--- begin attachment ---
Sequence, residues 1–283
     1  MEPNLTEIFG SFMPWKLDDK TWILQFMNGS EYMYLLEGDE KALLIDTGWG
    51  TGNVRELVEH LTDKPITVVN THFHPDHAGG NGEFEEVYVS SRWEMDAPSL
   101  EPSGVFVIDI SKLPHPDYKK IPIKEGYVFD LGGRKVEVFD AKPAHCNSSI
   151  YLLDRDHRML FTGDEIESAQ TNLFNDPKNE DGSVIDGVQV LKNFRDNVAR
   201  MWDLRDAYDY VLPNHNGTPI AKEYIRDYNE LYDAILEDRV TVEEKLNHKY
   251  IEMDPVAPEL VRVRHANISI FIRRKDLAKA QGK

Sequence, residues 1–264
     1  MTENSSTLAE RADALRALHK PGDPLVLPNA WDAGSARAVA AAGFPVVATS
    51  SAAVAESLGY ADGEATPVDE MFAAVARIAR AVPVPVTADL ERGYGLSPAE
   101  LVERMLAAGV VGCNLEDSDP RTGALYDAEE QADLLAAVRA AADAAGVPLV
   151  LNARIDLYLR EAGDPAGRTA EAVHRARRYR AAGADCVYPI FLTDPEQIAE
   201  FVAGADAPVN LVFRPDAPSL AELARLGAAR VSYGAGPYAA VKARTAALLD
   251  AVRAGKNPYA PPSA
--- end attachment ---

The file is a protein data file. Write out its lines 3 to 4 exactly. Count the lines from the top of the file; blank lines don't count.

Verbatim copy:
    51  TGNVRELVEH LTDKPITVVN THFHPDHAGG NGEFEEVYVS SRWEMDAPSL
   101  EPSGVFVIDI SKLPHPDYKK IPIKEGYVFD LGGRKVEVFD AKPAHCNSSI